Wagon Wheels on a Gravel Road: Traveling Through West African Films from Sembene's Wagon Driver to Touré's TVG and Beyond

Carina Yervasi focuses on literal and figurative representations of movement and displacement in Francophone West African film and shows how cinematic stories of displacement embody the problems of contemporary postcolonial relations.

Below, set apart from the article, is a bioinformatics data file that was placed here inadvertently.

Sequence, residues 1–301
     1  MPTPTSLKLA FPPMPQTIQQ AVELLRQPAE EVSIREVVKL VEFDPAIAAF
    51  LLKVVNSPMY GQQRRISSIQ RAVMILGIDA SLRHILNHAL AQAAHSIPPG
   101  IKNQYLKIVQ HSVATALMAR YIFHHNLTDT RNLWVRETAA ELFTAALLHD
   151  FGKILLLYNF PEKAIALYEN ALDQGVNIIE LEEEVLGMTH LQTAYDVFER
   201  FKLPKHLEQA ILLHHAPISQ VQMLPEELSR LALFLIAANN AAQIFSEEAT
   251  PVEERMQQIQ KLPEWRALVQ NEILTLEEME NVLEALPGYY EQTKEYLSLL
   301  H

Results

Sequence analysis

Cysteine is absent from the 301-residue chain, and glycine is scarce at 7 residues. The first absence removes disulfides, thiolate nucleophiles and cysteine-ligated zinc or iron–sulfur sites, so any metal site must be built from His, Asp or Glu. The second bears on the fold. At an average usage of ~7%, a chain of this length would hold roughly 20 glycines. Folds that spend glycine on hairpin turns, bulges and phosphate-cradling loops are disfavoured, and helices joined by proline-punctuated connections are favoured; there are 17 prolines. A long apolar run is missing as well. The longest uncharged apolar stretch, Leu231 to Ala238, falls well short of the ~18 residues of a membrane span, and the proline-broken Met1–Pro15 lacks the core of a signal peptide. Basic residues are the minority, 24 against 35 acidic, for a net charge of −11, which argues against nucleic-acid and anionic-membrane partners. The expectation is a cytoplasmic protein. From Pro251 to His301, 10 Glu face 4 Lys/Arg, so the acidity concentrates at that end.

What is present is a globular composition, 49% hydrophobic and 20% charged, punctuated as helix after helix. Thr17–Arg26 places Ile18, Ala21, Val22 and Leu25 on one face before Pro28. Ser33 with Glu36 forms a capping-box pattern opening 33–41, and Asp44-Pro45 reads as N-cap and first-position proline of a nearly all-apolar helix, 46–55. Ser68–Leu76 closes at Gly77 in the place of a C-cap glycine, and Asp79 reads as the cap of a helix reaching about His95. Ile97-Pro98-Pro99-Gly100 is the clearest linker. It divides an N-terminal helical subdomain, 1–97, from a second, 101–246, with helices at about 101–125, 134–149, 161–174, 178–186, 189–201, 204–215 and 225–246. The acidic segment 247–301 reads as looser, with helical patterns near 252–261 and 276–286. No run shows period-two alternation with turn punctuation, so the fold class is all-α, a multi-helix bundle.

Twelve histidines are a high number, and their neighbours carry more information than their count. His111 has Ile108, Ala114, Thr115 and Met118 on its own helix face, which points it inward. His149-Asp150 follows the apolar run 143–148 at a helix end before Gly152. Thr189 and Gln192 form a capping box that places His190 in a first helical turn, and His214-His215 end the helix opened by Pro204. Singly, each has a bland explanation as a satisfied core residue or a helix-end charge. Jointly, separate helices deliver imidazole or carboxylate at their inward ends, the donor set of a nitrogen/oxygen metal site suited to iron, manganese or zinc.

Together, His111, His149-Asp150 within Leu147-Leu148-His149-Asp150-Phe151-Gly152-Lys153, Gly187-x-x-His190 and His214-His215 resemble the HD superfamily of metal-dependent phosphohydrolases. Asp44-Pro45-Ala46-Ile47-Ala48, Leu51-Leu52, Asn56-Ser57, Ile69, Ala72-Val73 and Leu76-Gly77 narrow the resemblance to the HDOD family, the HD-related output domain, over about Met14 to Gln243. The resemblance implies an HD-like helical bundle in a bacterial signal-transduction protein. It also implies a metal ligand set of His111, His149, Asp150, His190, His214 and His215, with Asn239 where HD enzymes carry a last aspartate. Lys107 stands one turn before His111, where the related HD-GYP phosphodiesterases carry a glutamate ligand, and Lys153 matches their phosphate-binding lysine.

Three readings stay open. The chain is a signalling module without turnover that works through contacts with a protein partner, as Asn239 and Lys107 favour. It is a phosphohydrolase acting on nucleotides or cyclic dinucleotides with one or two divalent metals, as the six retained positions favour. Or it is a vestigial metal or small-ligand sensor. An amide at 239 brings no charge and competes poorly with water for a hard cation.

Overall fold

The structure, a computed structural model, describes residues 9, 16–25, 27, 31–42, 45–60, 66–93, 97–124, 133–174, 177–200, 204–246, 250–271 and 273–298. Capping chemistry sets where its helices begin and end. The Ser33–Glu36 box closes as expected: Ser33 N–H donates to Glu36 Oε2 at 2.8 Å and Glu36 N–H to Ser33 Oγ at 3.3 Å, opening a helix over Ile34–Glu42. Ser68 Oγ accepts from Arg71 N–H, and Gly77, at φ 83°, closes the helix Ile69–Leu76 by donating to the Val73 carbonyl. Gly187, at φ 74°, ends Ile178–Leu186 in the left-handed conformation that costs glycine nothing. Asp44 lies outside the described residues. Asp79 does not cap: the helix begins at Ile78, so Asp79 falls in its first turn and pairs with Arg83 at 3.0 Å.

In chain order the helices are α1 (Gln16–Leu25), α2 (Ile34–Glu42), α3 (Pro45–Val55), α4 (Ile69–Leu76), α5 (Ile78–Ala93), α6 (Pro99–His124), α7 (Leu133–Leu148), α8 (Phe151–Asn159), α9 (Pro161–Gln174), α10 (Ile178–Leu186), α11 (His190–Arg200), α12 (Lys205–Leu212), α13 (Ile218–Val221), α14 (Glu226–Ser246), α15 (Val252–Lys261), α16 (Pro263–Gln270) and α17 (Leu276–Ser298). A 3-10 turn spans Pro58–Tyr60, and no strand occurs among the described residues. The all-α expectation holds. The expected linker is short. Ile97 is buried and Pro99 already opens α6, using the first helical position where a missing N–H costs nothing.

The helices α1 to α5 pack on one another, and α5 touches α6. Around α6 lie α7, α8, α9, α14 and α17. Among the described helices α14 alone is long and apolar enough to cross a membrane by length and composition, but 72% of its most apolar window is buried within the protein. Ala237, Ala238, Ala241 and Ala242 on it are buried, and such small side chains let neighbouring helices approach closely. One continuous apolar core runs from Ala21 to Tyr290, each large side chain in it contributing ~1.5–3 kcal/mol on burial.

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by Assistant Professor of French Carina Yervasi "The research presented in this paper focuses on literal and figurative representations of movement and displacement in Francophone West African film," Yervasi says, "and shows how cinematic stories of displacement embody the problems of contemporary postcolonial relations: the problems of neocolonial economic policies, cultural alienation, and the attendant issues of constituting nationhood in opposition to their colonial past. The films, Ousmane Sembene's Borom Sarret [The Wagoner] (Senegal, 1964), Djibril Diop Mambety's La petite vendeuse de Soleil [The Little Girl Who Sold the Sun] (Senegal, 1999), Moussa Touré's, TGV (Senegal, 1997), and Mweze Ngangura's Pièces d'identités [ID] (Democratic Republic of Congo, 1998) reflect three dominant thematic patterns from the mid-1960s to the present: local travel from village or suburb to the city; movement between African nations; and travel out of Africa, in other words, patterns of escalating proportion: migration, displacement, and diaspora."